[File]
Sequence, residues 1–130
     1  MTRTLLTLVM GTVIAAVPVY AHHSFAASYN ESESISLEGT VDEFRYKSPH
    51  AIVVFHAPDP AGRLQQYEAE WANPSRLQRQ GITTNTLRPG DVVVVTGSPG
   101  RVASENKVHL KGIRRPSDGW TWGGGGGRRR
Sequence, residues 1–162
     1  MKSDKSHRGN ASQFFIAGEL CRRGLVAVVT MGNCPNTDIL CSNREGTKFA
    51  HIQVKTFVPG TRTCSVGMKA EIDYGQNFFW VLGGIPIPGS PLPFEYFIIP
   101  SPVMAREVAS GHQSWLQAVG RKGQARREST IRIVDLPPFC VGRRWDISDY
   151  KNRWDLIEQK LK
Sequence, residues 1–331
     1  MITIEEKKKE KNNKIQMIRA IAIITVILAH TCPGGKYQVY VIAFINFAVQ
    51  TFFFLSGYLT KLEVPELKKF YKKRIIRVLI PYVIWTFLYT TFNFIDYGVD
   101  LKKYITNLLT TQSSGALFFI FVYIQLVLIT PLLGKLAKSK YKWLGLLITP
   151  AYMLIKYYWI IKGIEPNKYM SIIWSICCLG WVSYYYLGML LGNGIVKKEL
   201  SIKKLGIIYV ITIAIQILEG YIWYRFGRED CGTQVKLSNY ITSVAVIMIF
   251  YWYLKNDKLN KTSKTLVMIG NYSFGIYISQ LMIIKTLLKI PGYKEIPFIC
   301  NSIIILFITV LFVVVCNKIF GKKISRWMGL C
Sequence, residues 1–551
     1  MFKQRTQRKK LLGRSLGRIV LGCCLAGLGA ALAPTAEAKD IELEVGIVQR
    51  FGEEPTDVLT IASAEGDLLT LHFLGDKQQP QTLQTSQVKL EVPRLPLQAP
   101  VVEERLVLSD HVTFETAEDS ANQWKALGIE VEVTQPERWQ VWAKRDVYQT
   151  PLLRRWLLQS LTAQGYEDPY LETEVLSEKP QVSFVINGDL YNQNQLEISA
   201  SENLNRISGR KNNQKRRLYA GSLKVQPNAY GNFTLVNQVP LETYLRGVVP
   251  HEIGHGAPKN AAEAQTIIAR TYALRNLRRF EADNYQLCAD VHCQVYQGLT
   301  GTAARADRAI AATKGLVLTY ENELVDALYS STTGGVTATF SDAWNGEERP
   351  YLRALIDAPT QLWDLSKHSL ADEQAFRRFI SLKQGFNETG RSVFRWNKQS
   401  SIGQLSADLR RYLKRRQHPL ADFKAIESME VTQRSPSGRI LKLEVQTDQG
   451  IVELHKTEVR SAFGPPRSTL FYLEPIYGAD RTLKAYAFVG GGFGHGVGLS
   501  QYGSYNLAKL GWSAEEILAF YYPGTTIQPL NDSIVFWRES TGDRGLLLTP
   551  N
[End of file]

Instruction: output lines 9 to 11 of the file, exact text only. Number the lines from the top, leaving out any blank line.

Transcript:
   151  KNRWDLIEQK LK
Sequence, residues 1–331
     1  MITIEEKKKE KNNKIQMIRA IAIITVILAH TCPGGKYQVY VIAFINFAVQ